Ogilvy has hired Steve Soechtig to lead its experience practice as global CEO, as clients seek to connect with consumers in personalised ways throughout their journey with a brand.
As global CEO of experience at Ogilvy, Soechtig will be tasked with pulling together various capabilities in specialty practices across Ogilvy’s global network to create a unified offering for clients across marketing automation, strategy, CRM, digital experience design, customer acquisition and loyalty.
“The fastest growing part of Ogilvy over the last several years has been in the experience marketplace, but we hadn’t rounded it up into a single global business before,” said Ogilvy global CEO Andy Main.
Agencies under Ogilvy’s global network, including Lacek, Eicoff, Bottle Rocket, Verticurl and others, will ladder up into the experience practice. While Ogilvy doesn’t plan to phase out these agency brands, it does aim to have a more consistent umbrella offering to cover services that fall under end-to-end brand experience.
“My goal is to bring all of these pieces together so we can keep our clients not just pacing with trends in the marketplace, but also get in front of them,” Soechtig said. “How do we anticipate individual expectations to create a personalised, compelling and relevant experience that drives the best outcome?”
Experience is a big growth area for Ogilvy parent company WPP, with CEO Mark Read committing to growing the group’s overall revenue from experience, technology and e-commerce from 25% to 40% by 2025. While agencies are leaning into similar offerings, Ogilvy’s approach will be different because it will leverage the agency’s pedigree as a creative brand building shop, Main said.
“If you go to your phone or a website, everything looks the same. Airlines look like airlines, hotels look like hotels, banks look like banks,” he explained. “There's been very much a focus on the UX and UI. We want to bring creativity into the experience design and strategy.”
Creativity extends beyond the visual into creative business strategies and deployments of customer insights to “nudge [people] to want to do things with an experience,” he added.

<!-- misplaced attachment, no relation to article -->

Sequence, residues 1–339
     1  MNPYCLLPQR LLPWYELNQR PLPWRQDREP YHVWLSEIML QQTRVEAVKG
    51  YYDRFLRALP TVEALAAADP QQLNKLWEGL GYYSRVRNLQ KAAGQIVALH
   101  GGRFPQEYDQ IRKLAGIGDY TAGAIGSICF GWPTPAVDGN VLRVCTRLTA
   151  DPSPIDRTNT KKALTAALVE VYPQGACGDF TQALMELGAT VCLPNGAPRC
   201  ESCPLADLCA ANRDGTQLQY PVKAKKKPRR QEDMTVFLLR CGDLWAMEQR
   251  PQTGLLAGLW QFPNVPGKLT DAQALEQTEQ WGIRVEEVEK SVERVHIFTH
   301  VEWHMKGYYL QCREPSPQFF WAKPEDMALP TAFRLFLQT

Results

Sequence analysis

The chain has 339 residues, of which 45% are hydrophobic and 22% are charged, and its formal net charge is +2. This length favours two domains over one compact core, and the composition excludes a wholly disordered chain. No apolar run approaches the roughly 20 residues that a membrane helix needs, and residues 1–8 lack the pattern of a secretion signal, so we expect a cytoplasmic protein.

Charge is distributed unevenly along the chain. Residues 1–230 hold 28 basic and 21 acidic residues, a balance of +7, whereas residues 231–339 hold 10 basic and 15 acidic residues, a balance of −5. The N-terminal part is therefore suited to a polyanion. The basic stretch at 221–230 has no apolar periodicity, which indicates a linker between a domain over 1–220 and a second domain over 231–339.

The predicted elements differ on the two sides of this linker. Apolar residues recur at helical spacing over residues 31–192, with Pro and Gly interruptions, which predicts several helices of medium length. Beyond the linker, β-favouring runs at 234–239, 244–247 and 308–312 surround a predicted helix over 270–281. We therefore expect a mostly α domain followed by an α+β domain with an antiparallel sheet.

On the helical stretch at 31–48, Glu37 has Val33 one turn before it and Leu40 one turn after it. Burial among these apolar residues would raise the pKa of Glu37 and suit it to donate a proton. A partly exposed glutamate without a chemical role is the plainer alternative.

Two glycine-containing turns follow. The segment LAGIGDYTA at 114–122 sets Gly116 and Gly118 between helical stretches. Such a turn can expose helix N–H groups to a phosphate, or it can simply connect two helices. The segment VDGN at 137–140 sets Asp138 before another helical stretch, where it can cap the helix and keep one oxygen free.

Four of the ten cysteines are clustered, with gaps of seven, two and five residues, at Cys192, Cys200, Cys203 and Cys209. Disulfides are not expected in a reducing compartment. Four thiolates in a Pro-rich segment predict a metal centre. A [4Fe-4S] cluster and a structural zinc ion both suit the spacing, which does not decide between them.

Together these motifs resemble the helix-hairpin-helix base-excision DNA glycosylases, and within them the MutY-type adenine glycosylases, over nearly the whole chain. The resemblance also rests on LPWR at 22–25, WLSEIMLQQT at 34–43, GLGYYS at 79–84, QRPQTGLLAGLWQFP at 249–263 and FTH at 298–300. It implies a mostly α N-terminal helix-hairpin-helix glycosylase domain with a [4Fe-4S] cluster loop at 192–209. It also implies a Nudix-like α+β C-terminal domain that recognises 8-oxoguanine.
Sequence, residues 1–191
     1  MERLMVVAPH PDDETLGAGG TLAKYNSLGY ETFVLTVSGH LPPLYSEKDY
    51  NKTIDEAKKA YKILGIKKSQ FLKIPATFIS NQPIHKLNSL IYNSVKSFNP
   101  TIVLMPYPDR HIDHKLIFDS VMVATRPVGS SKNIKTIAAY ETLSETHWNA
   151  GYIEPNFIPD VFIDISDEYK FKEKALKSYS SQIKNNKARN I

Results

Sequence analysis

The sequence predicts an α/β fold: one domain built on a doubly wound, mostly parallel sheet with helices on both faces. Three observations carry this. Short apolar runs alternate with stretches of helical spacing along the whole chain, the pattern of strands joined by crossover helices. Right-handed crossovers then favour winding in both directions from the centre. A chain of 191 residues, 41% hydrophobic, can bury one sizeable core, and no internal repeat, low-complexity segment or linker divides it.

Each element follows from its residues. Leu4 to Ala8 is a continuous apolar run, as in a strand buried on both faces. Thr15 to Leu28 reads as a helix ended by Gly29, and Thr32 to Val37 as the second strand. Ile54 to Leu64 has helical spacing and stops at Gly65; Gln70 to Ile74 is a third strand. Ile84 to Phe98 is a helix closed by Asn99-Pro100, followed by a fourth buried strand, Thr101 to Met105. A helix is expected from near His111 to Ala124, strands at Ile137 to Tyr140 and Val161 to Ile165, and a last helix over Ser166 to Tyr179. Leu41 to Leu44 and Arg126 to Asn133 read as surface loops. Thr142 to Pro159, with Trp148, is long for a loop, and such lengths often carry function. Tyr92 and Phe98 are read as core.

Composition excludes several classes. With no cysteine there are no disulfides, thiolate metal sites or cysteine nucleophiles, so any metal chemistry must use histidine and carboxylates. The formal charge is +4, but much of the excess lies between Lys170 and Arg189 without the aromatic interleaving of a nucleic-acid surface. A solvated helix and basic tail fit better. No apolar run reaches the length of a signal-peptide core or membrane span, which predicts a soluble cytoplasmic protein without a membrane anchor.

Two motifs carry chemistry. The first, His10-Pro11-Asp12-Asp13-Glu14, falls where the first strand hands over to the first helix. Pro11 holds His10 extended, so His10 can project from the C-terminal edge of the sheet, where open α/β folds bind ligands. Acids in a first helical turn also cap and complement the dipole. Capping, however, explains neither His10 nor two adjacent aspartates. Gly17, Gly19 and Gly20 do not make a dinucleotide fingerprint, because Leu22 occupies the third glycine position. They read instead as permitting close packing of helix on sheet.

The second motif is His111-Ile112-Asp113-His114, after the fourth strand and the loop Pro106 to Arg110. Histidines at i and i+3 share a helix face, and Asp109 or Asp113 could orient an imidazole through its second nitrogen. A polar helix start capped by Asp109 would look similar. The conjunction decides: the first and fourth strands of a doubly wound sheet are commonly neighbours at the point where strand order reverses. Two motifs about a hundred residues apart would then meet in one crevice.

Creativity in experience building will become even more crucial as new consumer habits form during the pandemic, from the need for touchless ordering systems to online ordering and distribution. “That is the kind of creativity Ogilvy is bringing to the table to help businesses adapt,” Main said.
Both Soechtig and Main hail from consulting backgrounds, the former most recently a managing director at Accenture and the latter joining from his previous role as head of Deloitte Digital in June. While Ogilvy’s focus on its experience offering could put it head-to-head with these firms in pitches, Main said the agency has had these capabilities all along.
“I was surprised when I came into Ogilvy with the depth of capability in experience,” he said. “These businesses have been around for a long time, but we just haven't put them into a bigger business.”
Experience is one of five practice areas Main is building under Ogilvy, along with growth and innovation, advertising, brand and content, influencer and PR and health. The firm operates on a single P&L, so there are “no inter-firm agreement, red tape, layers of approval or people saying no” when it comes to working in an integrated way, Main said.
Soechtig is Main’s latest leadership hire since joining the company last summer, including Devika Bulchandani as North America CEO and global chair of advertising, Kate Cronin as CEO of Ogilvy Health, Stacey Ryan Cornelius as global CFO, Jag Dhanji as global chief people officer and Julianna Richter joining as global CEO for PR and Influence.
(This article first appeared on CampaignLive.com)